“Two episodes illustrate this better than any others,” he said. “First, when Bush met Putin for the first time and said he had looked into his soul and could trust him. Secondly, when Condi Rice, not so long ago, said that the American-Russian relations had never been better than they are today.” He said the White House had deceived itself.

Asked why it was that he only spoke of Putin and not of the Russian president, Dmitri Medvedev, Brzezinski said: “He [Medvedev] has about as much influence over the current situation as the official head of state in the Soviet Union of the 1950s had over the Soviet Union. Nobody can even remember his name.”

City councils get new powers to seize phone, internet and email records

Council snoopers to get new powers to seize phone and email records – with taxpayers footing the £160m bill

The new powers would allow public bodies including councils to access phone, internet and email records of people suspected in even minor crimes

Daily Mail | Aug 12, 2008

By  James Slack

Council snoopers are to be given even greater powers to pry into our phone, email and internet records  –  landing the taxpayer with a bill of almost £50million.

Town halls, along with the police, security services, health authorities and other public bodies, will have access to ‘ communication’ records of anyone suspected of involvement in even the most minor crime.

The powers, which stem from an EU directive supposedly designed to catch terrorists, will even allow police to track down those who have told friends they are planning to harm themselves.

But it will cost the taxpayer £46.58million over eight years to compensate mobile phone companies and internet firms for storing and providing the data.

Critics said the measure took Britain a step closer to becoming a surveillance state. Shadow home secretary Dominic Grieve said: ‘Yet again the Government have proved themselves unable to resist the temptation to take a power quite properly designed to combat terrorism to snoop on the lives of ordinary people in everyday circumstances.

‘It is typical of this government that they also intend to make the taxpayer pay extra for the privilege.’

The controversy centres on a EU directive passed in the aftermath of the July 7 terror attacks, in London, in 2005.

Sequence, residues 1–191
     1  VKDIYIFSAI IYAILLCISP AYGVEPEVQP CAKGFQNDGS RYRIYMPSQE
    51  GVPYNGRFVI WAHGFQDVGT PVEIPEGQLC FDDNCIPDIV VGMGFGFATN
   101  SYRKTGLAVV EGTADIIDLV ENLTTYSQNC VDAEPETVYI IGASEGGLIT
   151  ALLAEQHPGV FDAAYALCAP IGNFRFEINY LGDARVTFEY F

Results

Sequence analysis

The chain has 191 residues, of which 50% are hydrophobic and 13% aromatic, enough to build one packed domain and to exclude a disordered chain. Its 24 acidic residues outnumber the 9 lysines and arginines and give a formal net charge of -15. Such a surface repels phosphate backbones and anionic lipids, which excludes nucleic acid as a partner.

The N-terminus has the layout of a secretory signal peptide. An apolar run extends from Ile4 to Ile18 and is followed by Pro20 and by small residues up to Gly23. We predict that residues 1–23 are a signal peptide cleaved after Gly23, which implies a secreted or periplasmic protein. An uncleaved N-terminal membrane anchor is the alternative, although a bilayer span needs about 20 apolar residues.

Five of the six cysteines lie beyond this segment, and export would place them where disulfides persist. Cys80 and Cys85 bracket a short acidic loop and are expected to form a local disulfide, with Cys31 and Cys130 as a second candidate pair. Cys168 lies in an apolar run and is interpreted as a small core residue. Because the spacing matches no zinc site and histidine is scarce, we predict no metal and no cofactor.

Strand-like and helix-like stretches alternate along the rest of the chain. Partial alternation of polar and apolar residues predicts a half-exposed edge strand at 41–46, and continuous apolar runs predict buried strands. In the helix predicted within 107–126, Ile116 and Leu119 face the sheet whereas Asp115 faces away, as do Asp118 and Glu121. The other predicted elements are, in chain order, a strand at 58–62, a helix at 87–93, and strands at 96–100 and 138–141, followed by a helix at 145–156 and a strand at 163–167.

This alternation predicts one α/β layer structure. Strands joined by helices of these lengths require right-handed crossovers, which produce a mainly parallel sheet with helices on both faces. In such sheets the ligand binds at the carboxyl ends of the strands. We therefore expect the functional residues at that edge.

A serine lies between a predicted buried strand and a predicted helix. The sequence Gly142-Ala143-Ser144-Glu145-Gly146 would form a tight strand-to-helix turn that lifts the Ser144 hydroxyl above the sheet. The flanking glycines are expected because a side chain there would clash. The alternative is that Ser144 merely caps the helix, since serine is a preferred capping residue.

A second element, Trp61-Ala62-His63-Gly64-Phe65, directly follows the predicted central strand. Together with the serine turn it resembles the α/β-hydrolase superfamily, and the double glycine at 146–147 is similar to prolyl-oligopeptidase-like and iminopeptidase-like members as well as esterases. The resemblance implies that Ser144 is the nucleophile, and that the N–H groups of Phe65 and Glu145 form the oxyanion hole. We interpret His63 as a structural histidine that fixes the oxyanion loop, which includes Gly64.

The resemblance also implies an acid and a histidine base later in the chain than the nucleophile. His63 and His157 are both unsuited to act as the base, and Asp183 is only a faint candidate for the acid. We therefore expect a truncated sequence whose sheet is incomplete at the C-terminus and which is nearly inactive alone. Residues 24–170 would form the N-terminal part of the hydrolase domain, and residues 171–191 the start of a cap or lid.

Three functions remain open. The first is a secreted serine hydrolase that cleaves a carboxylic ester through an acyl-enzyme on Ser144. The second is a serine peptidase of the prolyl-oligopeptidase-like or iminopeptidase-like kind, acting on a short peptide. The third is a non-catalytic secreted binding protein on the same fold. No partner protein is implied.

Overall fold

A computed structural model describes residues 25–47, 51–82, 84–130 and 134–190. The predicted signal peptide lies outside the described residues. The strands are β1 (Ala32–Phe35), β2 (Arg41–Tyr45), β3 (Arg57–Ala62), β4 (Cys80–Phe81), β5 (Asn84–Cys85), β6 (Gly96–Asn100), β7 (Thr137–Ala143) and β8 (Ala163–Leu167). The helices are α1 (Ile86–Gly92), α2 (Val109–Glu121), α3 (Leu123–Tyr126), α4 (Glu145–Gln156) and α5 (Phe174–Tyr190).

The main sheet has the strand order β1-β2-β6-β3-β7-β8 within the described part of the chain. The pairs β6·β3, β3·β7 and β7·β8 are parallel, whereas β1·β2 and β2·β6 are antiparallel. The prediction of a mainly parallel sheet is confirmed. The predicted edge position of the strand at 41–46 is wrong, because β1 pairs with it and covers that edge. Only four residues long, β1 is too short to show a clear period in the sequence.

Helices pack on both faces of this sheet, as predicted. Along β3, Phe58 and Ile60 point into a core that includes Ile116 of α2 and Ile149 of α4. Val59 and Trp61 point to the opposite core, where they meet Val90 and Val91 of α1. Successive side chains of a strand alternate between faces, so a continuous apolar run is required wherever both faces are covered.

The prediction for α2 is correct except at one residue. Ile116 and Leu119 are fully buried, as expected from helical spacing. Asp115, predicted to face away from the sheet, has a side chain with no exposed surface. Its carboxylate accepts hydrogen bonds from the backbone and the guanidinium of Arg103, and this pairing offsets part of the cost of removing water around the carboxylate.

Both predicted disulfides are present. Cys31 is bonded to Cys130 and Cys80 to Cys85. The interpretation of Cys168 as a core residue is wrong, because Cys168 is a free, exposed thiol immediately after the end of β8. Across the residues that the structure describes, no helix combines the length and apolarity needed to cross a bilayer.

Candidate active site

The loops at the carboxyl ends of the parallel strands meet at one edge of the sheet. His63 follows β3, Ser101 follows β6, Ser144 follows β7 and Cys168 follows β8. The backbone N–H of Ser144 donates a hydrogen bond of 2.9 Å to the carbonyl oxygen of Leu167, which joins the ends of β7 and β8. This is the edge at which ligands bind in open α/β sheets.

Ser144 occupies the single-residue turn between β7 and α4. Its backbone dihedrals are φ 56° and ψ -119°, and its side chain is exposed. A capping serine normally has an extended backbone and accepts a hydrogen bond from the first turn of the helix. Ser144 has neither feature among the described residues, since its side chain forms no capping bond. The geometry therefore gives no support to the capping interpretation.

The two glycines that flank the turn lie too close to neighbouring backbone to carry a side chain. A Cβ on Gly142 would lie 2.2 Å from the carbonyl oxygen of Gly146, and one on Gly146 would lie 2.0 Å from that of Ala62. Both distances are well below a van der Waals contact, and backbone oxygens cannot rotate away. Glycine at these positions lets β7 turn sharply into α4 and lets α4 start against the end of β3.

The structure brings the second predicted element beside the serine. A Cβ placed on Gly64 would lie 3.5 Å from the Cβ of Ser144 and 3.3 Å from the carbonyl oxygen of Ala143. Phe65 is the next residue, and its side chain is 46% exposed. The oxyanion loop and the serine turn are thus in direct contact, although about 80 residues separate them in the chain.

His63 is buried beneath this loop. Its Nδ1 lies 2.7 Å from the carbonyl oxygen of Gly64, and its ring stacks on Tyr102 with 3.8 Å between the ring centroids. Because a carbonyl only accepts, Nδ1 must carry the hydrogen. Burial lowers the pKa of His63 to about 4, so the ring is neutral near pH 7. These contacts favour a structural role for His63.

Britain said it was crucial for terrorism investigations that police and security services could access times, dates and recipients of a suspect’s landline, mobile phone, email and internet communications.

A deadline was set for implementing the powers by March 2009. And yesterday the Home Office published proposals for how this will be done.

It is intending to give public bodies covered by the Regulation of Investigatory Powers Act 2000  –  including local councils  –  the power to access communications data.

The rules will not be limited to detecting terrorism and serious crime  –  they will be applied to any offence.

Town halls can already request some of the data, and have used it to try to trace minor offenders. But these rules will make it compulsory for phone and internet companies to hand over personal information from the previous 12 months. At the moment, arrangements are largely voluntary. Public bodies will not be able to read emails nor listen to phone calls.

Examples given by the Government include someone who tells a friend by email, or via the internet, they are intending to harm themselves.

If contacted by the friend, the police would use their powers to locate a home address and visit the property.

Phil Booth, of the NO2ID campaign, said: ‘No one would ever say that surveillance is not required for the most serious crimes and terrorism. But to extend such powers and make it so simple for any official to peek into your private affairs shows we are now entering into a database state.’

However, the Home Office defended the move. ‘This data is a vital tool to investigations and intelligence gathering in support of national security and crime. It will ‘enable UK law enforcement to benefit fully from historical communications data’ and ‘enhance our national security’, it added.